Selective code enforcement: Is it ‘God’s will?’
February 24, 2009
By DANIEL BLACKBURN First in a series
Dan De Vaul, meet The Apostle.
While county officials pursue a vigorous (some say pernicious) criminal prosecution against high-profile De Vaul and his South County Sunny Acres Ranch for the hapless, another, longer-running code enforcement drama is being played out 20 miles northwest at a commune called Roandoak of God.
Roandoak, however, has three allies that De Vaul lacks — the county, The Apostle, and, apparently, the Lord.
Roandoak of God, scattered on flat acreage on the outskirts of Morro Bay, was intended to be a haven for life’s rejects, “all those who need help,” in the words of its founder, Galeb Amhurst, the original Apostle. Amhurst said when he started his project in 1970 that “God’s work was unfolding.”
Also unfolding was what would become a 37-year, on-again, off-again campaign by San Luis Obispo County code enforcement officers to force Roandoak to comply with building codes — efforts which to date have met little success. A large, two-story building housing dozens of Roandoak residents is not now permitted, and never has been, according to county officials.
Now those permitting endeavors have encountered some resistance from the residence home’s current operator, Joseph Goodwin, who also calls himself “The Apostle.” County enforcers tread lightly around Goodwin, according to neighbors.
But that doesn’t work for Carrie Burton, who with her husband owns a small ranch adjacent to the Roandoak facility. She has witnessed for years, she said recently, the impotent attempts by county officials to bring Roandoak into compliance with regulations, and she fears that complete capitulation by frustrated code enforcement officials is imminent. And recent comments by some of those county officers appear to lend credence to Burton’s suspicions.
“The only difference between what is happening at Dan De Vaul’s place and here,” said Burton as she gazed from her kitchen window at the hodge-podge building complex next door jammed against her property, “is that this claims to be a ‘religious’ place.”
“Roandoak is an admittedly illegal, non-permitted land use with thirty-plus years of expired permits and non-met conditions,” she wrote in an e-mail to County Supervisor Jim Patterson. “The county’s own building code says [Roandoak] should be deemed a new project, with today’s codes, standards and permits.” She said the county is presently insisting that Roandoak is “a single-family residence with a single kitchen.”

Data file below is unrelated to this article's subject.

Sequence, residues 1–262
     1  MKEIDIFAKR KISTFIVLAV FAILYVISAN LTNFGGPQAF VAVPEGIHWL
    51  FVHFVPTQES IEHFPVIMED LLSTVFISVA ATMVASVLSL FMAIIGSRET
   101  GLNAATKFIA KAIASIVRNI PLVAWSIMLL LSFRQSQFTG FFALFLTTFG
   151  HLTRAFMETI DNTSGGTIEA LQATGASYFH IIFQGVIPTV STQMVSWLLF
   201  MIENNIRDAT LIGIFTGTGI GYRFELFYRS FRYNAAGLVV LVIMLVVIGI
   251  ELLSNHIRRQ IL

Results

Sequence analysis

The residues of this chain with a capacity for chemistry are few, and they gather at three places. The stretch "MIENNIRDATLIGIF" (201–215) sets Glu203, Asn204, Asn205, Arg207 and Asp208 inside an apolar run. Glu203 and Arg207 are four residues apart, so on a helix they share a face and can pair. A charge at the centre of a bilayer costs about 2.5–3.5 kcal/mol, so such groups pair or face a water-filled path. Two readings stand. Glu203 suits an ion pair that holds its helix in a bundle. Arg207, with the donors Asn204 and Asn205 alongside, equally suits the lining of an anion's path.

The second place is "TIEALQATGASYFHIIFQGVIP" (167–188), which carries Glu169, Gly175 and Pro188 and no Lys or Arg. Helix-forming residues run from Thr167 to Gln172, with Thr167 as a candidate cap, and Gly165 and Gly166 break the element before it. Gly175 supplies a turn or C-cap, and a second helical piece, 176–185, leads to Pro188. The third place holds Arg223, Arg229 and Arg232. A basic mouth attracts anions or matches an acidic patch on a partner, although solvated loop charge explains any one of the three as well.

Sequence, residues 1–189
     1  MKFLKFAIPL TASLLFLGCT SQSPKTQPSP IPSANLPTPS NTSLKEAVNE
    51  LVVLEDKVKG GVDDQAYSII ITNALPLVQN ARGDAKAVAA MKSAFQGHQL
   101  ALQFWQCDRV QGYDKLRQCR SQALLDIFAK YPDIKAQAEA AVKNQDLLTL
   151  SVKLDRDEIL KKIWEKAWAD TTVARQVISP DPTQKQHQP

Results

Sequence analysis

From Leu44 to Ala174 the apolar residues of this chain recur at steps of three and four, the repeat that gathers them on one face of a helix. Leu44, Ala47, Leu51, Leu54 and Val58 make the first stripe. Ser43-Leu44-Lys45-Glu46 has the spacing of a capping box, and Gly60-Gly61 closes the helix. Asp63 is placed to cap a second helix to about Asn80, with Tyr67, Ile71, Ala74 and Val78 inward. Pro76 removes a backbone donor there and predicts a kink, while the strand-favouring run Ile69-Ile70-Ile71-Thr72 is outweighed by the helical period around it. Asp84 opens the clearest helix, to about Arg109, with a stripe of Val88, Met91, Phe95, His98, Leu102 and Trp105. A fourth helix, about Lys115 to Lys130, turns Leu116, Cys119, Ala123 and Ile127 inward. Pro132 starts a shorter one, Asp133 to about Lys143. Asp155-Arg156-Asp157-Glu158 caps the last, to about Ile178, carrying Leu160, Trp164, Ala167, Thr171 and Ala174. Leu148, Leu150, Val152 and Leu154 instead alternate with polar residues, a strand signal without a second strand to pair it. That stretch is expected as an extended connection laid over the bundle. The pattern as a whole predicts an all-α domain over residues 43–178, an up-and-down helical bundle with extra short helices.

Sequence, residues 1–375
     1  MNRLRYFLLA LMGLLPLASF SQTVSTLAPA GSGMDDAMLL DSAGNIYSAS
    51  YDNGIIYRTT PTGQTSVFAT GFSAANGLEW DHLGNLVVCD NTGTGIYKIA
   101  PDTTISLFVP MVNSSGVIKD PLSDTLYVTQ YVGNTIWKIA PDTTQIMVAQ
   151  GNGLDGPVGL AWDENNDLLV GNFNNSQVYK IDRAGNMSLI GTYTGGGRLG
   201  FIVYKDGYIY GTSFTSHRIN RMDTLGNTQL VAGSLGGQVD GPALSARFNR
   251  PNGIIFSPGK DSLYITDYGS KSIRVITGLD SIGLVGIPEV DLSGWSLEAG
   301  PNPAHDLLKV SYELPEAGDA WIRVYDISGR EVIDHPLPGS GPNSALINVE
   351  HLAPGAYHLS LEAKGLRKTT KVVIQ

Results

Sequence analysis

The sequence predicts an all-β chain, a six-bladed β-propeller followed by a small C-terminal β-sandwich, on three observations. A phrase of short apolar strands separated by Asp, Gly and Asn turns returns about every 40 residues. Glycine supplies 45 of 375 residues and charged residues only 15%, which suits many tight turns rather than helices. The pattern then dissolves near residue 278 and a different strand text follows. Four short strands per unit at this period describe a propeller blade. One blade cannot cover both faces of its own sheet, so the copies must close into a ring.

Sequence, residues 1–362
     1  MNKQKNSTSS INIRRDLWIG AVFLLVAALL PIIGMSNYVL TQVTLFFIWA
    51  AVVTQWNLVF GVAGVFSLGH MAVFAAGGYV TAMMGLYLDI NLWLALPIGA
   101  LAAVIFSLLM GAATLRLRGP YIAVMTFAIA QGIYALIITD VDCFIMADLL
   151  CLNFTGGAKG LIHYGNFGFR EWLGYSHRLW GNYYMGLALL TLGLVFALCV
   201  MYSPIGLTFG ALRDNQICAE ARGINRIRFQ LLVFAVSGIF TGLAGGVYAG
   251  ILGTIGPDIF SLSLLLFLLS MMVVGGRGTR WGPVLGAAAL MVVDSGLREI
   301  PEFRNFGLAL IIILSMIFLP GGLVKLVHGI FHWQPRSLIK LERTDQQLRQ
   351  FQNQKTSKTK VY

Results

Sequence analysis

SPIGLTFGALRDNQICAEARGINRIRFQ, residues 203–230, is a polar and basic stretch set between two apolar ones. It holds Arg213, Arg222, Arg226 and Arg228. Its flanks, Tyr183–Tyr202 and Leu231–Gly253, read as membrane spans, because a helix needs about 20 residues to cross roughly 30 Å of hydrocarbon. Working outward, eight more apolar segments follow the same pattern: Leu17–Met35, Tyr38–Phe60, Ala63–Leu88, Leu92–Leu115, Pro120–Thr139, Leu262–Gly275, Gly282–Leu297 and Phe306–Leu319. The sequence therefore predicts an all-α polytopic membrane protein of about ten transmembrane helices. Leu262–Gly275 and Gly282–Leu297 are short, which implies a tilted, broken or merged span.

Not true, said Burton: “It is an illegal, two-story dormitory with more than 30 people using inadequate sewage facilities (and with) known electrical and foundation problems, little heat, and an illegal kitchen.”
County records and newspaper reports show that Roandoak properties have been scheduled for demolition on numerous occasions over the past four decades, but no such action involving the two-story building has occurred. For at least seven years, the county district attorney was involved, but that interest apparently ended in 1979.
Burton noted she turned to Patterson after receiving what she calls “no help” from the supervisor in whose district she and Roandoak reside, Chairman Bruce Gibson.
Roandoak charges its residents $500 to $600 a month, according to its Web site. The group also maintains two Morro Bay houses in residential areas, each providing for about 10 tenants at similar monthly assessments.
Roandoak’s current building permit problems mirror a long history of similar conflicts with the county. A 1972 headline from the Sun-Bulletin heralded, “Religious commune given month to clean up land.” For more than a year, controversy intensified in the Morro Bay community about Roandoak, its owners, its religious claims, and its fight with county officials.
The property’s use became a subject of gossip almost from its inception as a refuge for life’s unfortunate. After proclaiming himself a minister, Amhurst and his wife, Rachel, dedicated their home and rural property on Chorro Creek Road to serve what they called “the losers of our society: the drug addicts alcoholics, ex-convicts, emotionally and mentally troubled, unemployed, homeless, down-and-out, misfits, and rejects.”